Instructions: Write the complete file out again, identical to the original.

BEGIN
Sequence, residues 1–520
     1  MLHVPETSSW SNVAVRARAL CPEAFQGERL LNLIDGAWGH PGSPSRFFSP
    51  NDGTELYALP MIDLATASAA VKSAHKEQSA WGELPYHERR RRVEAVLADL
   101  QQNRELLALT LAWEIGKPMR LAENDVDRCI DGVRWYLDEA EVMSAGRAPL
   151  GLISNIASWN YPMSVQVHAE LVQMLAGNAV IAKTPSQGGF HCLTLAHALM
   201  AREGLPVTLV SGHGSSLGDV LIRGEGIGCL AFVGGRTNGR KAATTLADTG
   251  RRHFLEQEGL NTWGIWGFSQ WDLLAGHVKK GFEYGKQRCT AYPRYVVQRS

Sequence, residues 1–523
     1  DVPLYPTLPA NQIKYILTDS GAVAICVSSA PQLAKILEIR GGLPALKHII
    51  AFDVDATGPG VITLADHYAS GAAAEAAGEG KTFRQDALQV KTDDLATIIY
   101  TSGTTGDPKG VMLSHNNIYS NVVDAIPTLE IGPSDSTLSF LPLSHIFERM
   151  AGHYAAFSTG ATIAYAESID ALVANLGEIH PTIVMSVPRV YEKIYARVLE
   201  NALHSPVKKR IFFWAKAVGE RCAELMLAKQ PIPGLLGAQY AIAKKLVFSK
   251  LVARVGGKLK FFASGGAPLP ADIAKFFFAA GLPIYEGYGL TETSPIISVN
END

Sequence, residues 1–520
     1  MLHVPETSSW SNVAVRARAL CPEAFQGERL LNLIDGAWGH PGSPSRFFSP
    51  NDGTELYALP MIDLATASAA VKSAHKEQSA WGELPYHERR RRVEAVLADL
   101  QQNRELLALT LAWEIGKPMR LAENDVDRCI DGVRWYLDEA EVMSAGRAPL
   151  GLISNIASWN YPMSVQVHAE LVQMLAGNAV IAKTPSQGGF HCLTLAHALM
   201  AREGLPVTLV SGHGSSLGDV LIRGEGIGCL AFVGGRTNGR KAATTLADTG
   251  RRHFLEQEGL NTWGIWGFSQ WDLLAGHVKK GFEYGKQRCT AYPRYVVQRS

Sequence, residues 1–523
     1  DVPLYPTLPA NQIKYILTDS GAVAICVSSA PQLAKILEIR GGLPALKHII
    51  AFDVDATGPG VITLADHYAS GAAAEAAGEG KTFRQDALQV KTDDLATIIY
   101  TSGTTGDPKG VMLSHNNIYS NVVDAIPTLE IGPSDSTLSF LPLSHIFERM
   151  AGHYAAFSTG ATIAYAESID ALVANLGEIH PTIVMSVPRV YEKIYARVLE
   201  NALHSPVKKR IFFWAKAVGE RCAELMLAKQ PIPGLLGAQY AIAKKLVFSK
   251  LVARVGGKLK FFASGGAPLP ADIAKFFFAA GLPIYEGYGL TETSPIISVN